First, create a user account with npm adduser. Give it a username, password, and email address, and it’ll create an account on the npm registry. (You can also use adduser to authorize a user account on a new machine, or fix the situation if you break your configs.)

Next, go to the root of your package code, and do npm publish.

Now go to the mailing list and tell everyone how much more awesome they’d be if they used your program.

Seriously. It’s incredibly easy. If you disagree, please let me know.

Dependency Hell Isn’t Fun

Most systems have a single root namespace. That kind of sucks. If two different things depend on different versions of the same dependency, then you’ve got two options:

  1. Statically compile the dependency into the program.
  2. Hate life.

Option #2 is Not Fun. So eff that noise.

Option #1 is less than ideal if you want to be able to abstract out parts of your program and benefit from updates to the dependencies.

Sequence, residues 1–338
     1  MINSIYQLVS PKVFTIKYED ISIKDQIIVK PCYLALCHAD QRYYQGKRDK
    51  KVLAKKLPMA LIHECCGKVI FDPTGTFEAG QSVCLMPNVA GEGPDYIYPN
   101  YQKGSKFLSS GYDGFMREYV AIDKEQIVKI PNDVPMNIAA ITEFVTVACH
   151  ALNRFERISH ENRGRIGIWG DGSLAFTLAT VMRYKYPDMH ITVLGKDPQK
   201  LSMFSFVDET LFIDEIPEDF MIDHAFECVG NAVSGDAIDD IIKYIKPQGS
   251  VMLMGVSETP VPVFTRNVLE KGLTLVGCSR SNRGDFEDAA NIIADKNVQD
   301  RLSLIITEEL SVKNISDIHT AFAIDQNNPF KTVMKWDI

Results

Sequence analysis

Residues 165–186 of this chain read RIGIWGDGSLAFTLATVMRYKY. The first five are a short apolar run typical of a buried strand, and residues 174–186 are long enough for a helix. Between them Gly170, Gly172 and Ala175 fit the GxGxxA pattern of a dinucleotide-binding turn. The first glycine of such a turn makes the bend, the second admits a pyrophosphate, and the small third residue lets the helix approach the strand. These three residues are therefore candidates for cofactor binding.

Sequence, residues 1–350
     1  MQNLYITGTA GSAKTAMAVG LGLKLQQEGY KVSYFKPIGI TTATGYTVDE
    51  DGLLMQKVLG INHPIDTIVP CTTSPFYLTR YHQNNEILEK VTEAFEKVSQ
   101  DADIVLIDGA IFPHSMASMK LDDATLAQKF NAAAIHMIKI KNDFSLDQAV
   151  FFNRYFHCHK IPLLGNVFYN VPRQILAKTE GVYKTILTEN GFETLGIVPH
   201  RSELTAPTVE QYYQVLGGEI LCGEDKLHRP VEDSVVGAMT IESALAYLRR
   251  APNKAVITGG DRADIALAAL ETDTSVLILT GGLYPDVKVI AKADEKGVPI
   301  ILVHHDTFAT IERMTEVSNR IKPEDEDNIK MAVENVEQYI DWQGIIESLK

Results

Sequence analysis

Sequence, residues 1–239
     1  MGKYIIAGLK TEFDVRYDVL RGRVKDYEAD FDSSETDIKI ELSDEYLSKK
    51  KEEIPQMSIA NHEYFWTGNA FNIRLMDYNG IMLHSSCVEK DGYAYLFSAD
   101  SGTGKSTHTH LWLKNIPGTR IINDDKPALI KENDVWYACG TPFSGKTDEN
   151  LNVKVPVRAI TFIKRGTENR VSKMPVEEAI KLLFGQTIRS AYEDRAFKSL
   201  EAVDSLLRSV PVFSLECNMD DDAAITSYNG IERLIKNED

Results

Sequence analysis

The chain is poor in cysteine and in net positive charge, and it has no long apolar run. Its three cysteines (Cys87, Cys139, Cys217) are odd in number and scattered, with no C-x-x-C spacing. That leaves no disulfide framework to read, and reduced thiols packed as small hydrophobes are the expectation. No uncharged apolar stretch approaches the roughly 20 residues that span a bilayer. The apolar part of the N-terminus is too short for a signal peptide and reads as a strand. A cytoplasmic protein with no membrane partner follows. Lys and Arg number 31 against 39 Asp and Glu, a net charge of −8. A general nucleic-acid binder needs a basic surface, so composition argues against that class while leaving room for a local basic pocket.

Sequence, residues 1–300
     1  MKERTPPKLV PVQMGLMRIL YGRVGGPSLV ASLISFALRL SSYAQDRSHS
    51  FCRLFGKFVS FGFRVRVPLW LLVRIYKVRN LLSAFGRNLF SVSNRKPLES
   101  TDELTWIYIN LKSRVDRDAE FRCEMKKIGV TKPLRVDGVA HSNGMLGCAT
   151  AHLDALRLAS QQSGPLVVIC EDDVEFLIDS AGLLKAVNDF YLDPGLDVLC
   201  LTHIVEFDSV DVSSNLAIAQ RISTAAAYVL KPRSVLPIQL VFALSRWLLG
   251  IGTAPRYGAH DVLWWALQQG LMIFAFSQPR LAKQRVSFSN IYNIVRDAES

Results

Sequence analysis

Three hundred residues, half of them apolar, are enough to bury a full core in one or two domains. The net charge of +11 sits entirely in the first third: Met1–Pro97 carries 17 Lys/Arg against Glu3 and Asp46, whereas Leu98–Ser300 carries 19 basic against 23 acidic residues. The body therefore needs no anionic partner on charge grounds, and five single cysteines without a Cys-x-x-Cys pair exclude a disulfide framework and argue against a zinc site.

Thankfully, Node’s module system allows for locally bundled dependencies, so that each package sees the version that it depends on.

I think that’s pretty cool.

What to do when npm lets you down

npm’s still being actively developed. Especially if you find yourself using some newer features, occasionally npm will have a bug. Or, perhaps equally likely, you’ll need npm to do something that it doesn’t yet do, and want to request a feature.

You can post bugs and feature requests on the issues page. If you want to ask general questions, you can ask on the google group.

Or, if you’re more the instant gratification type, you can come ask questions in IRC on the #node.js channel on freenode.net. If I’m there, I’ll try to help you out, but this community continues to impress me with its helpfulness. Noders rock!

  1. nodeknockout posted this